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G20, world makes huge strides on green finance in just one year

The G20 and other nations have taken huge strides over the last year towards mobilizing the trillions of dollars of public and private capital needed to make sustainable development and climate action a reality, according to new UN Environment research released today.

UN Conference on Trade and Development research from 2015 showed that the investment required to bring sustainable development in developing countries was short US$2.5 trillion each year, with as much as ten times that needed globally in the years to come – mainly from private sources.

However, the UN Environment Inquiry into the Design of a Sustainable Financial System’s Green Finance Progress Report – a contribution to the G20’s Green Finance Study Group (GFSG) – finds dozens of encouraging policies and financial product developments that show the public and private sectors are serious about changing this trend.

“The world has committed to creating a better future for people and planet. But we will not be able to achieve our sustainable vision without the global financial system using its capital to fuel the transformation,” said Erik Solheim, head of UN Environment.

“This new research from UN Environment, a contribution to the G20 Green Finance Study Group, shows encouraging progress in this regard. From a record number of new green finance measures to ambitious plans for green finance hubs, we are seeing the smart money move to green financing.”

Highlights from the report

Green financing at scale will be critical to achieve the G20’s goal of securing balanced and sustained growth. Establishing the GFSG during China’s G20 Presidency last year showed the G20 understood this – reinforced by Germany’s decision to continue the work during its G20 Presidency this year.

The G20 Green Finance Synthesis Report, adopted at the G20 Leaders’ Summit in Hangzhou in September 2016, set out seven options identified by the GFSG to accelerate the mobilization of green finance.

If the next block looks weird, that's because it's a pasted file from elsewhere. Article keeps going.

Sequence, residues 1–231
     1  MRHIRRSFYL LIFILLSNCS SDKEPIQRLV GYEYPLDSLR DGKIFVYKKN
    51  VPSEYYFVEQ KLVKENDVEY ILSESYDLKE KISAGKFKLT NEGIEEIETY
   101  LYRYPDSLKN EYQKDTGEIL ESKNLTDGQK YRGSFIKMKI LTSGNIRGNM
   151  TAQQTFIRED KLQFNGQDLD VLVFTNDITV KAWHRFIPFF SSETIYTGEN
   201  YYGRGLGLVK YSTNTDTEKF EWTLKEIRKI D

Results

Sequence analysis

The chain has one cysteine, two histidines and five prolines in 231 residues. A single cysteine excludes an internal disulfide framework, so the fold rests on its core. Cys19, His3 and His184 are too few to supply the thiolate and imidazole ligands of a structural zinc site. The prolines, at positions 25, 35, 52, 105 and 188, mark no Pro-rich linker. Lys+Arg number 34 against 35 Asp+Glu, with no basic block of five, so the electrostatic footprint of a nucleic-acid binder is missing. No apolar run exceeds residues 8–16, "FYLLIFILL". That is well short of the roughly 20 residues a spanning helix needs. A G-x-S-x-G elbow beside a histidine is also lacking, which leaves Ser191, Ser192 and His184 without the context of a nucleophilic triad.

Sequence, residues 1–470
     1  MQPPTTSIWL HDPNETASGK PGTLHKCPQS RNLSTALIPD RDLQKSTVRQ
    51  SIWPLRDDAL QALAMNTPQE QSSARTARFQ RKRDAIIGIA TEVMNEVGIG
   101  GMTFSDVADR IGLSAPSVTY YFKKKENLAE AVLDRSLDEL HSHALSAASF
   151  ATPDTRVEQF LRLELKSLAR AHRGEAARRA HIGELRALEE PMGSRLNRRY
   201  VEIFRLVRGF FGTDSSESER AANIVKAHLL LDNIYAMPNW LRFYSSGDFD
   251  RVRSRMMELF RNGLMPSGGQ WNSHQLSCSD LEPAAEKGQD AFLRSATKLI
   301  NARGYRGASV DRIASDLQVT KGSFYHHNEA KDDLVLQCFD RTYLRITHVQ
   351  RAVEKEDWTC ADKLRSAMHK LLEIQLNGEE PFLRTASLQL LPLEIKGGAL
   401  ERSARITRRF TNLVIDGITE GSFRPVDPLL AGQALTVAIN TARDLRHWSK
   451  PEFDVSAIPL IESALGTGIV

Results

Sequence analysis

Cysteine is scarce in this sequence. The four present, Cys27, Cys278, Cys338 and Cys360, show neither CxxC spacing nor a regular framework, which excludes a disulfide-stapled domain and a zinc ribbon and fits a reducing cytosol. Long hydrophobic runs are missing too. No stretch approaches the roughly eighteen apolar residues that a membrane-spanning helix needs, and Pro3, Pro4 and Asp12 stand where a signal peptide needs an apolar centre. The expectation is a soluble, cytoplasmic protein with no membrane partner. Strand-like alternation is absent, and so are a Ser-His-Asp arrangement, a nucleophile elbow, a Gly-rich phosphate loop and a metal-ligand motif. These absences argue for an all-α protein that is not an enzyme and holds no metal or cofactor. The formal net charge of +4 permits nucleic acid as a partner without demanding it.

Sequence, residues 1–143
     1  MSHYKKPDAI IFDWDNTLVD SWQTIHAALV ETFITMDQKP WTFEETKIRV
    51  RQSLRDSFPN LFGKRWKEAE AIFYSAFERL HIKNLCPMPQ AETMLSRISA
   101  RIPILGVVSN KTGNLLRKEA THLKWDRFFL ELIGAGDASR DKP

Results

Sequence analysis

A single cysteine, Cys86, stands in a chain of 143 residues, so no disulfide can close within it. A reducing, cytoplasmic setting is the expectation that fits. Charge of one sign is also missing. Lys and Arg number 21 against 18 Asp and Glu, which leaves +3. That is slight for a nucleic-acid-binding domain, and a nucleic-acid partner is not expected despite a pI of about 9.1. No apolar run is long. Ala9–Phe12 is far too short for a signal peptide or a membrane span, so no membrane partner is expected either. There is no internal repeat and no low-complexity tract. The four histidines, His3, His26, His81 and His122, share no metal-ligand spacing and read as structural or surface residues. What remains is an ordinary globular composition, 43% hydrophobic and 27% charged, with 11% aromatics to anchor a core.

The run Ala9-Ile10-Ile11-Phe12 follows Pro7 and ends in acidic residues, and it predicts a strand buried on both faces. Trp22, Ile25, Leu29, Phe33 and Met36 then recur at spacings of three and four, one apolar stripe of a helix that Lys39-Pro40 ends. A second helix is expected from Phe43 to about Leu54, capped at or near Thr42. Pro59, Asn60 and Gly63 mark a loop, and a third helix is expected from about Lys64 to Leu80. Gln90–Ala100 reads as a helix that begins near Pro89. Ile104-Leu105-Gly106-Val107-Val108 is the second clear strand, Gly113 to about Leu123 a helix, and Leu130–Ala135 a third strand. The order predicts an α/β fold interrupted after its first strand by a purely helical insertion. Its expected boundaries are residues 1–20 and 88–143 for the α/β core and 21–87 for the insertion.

Over the last year, considerable progress has been made against these seven options by all G20 members, and the international community, in increasingly systemic national action, greater international cooperation, and increased market leadership.

More measures related to green finance have been introduced since June 2016 compared with any other one-year period since 2000. The trends and measures have resulted in increased flows of green finance, most notably in the issuance of green bonds, which grew by around 100 per cent to US$81 billion in 2016.

These changes to the financial rules of the game have helped drive the reallocation of capital in financial and capital markets. A comprehensive review looking beyond green finance to assess sustainable finance more broadly indicates that global sustainably managed assets under management have increased by 25 per cent compared to the last survey undertaken in 2014.

Encouraging positive feedback loops are emerging. Increases in green bond primary market issuance have improved secondary market liquidity, allowing new funds to open and operate within existing liquidity and credit-worthiness constraints. Four new green bond funds launched in the first quarter of 2017.

According to the report, the progress made nationally, internationally and in financial and capital markets shows that financial system is reshaping itself to align with the sustainable development imperatives of the 21st century.

“The challenge now is to rapidly increase capital flows to investments that will support our sustainable development objectives and create commercially viable green businesses for decades to come,” said Solheim. “The G20 and others have set the wheels in motion. Now is the time to press hard on the accelerator.”

To read the full article from UNEP, please click here.

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